Engaging in the act of Possessing, Disseminating, or Producing Child Abuse Material is a criminal offence according to section 91H of the Crimes Act 1900, with a maximum penalty of 10 years imprisonment.
To prove the offence, the prosecution must demonstrate, beyond a reasonable doubt, the following elements:
1. You possessed, disseminated, or produced material.
2. The material in question qualifies as child abuse material.
For the purpose of this law, 'possession' encompasses both physical custody and control over material or data.
'Child abuse material' refers to content that depicts or describes, in a manner that reasonable individuals would find offensive:
1. The intimate body parts of a person who is, appears to be, or is implied to be a child, or
2. A person who is, appears to be, or is implied to be a child:
a. As a victim of torture, cruelty, or physical abuse, or
b. Engaged in or apparently engaged in a sexual pose or sexual activity, or in the presence of another person who is engaged in or apparently engaged in a sexual pose or sexual activity.
To determine whether material is offensive to a reasonable person, the following factors must be considered:
1. The prevailing standards of morality, decency, and propriety accepted by reasonable adults.
2. The potential literary, artistic, or educational value (if any) of the material.
3. The journalistic value (if any) of the material.
4. The overall character of the material.
The term “possess” regarding child abuse material includes, concerning material in the form of data, the act of being in possession or control of data (as defined in section 308F(2)).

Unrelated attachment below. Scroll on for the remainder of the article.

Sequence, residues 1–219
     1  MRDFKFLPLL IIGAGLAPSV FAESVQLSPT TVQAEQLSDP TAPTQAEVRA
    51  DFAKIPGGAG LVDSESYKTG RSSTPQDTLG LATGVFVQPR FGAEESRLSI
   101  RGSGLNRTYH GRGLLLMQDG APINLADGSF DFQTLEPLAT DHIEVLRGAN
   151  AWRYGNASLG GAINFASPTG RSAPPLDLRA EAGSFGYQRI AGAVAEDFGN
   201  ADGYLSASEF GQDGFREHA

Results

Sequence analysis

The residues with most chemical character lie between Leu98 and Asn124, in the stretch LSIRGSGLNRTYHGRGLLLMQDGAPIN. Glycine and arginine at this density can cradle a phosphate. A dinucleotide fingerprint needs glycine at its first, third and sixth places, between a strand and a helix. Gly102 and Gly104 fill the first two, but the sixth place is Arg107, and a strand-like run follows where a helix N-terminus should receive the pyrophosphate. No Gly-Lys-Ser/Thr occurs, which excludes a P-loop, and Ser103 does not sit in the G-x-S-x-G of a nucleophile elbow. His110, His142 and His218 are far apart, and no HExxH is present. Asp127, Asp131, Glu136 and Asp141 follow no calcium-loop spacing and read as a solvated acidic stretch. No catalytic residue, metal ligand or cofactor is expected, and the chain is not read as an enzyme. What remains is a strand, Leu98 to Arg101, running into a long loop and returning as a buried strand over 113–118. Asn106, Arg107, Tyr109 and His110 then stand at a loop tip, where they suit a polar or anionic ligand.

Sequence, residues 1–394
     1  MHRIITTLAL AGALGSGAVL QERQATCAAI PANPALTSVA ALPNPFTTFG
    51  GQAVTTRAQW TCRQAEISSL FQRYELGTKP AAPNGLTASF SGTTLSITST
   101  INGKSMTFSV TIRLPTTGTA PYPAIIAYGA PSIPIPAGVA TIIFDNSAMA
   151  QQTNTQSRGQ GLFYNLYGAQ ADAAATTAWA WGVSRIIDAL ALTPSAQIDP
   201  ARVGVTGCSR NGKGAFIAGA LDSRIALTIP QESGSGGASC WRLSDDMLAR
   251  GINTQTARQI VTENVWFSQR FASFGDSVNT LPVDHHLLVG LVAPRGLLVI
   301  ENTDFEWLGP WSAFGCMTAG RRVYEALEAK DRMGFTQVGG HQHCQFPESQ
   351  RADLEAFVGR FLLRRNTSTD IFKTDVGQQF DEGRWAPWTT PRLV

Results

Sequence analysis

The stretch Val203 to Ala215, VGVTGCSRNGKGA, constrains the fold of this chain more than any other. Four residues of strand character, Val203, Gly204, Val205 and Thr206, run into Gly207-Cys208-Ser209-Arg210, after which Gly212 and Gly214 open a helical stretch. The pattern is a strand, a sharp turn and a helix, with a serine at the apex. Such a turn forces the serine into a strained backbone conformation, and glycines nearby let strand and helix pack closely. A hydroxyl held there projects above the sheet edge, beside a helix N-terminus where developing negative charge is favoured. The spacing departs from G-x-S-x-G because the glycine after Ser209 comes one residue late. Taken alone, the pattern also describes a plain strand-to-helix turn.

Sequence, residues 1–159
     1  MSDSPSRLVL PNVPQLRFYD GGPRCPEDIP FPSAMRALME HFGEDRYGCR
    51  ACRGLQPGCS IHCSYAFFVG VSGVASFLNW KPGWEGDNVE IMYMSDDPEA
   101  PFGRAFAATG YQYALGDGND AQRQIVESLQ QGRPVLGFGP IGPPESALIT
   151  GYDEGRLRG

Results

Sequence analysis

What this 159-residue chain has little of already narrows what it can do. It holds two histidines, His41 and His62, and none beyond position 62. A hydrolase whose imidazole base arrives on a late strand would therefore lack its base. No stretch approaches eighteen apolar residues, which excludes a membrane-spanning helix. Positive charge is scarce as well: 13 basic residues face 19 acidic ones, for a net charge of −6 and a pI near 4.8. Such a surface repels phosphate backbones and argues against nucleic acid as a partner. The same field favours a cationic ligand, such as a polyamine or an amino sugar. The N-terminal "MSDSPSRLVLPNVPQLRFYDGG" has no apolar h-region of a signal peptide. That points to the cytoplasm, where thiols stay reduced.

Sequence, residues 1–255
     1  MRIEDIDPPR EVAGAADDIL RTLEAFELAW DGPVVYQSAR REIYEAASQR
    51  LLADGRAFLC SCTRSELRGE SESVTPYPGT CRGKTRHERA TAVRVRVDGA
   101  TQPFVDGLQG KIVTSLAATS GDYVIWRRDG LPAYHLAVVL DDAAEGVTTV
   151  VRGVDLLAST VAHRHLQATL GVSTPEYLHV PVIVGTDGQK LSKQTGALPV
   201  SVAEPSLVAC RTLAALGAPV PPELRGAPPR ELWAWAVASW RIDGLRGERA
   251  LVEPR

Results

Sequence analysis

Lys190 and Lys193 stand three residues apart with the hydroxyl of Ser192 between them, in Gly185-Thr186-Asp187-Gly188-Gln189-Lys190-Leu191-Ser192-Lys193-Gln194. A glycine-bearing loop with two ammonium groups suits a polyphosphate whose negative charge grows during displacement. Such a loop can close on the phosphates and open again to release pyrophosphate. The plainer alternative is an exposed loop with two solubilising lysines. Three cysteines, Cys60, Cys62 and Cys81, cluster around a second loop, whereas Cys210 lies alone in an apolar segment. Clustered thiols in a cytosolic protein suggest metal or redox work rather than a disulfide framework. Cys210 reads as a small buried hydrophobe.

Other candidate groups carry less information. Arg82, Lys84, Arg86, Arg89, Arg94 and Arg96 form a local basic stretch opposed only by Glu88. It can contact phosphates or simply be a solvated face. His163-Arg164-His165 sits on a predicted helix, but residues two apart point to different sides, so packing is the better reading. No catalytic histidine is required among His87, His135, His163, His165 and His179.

(2) Anyone who produces, disseminates, or possesses child abuse material is committing an offence.
The maximum penalty for this offence is imprisonment for 10 years.
(3) Proceedings for an offence under this section involving a child or young person can only be initiated by or with the approval of the Director of Public Prosecutions.
1. The genital or anal area, whether exposed or covered by underwear, or
2. The breasts of a female, transgender, or intersex person identifying as female, whether developed or not.
For this offence, a ‘child’ is considered a person under the age of 16 years.
1. You were unaware, and there were no reasonable means for you to know that you possessed, disseminated, or produced such material.
2. Your actions were undertaken to serve public benefit through law enforcement, administration, or the administration of justice and did not extend beyond that scope.
3. The material received a classification for publication.
4. The use of the material was approved by the Attorney-General for research purposes.
5. The material depicts you and would not be considered child abuse material in the absence of your image.
An additional defence for possessing child abuse material is when you received it unsolicited and promptly took reasonable steps to dispose of it upon becoming aware of its nature.
There is an exception to the offence, wherein:
1. The possession of the material occurred when you were under 18, and
2. A reasonable person would consider the possession acceptable considering:
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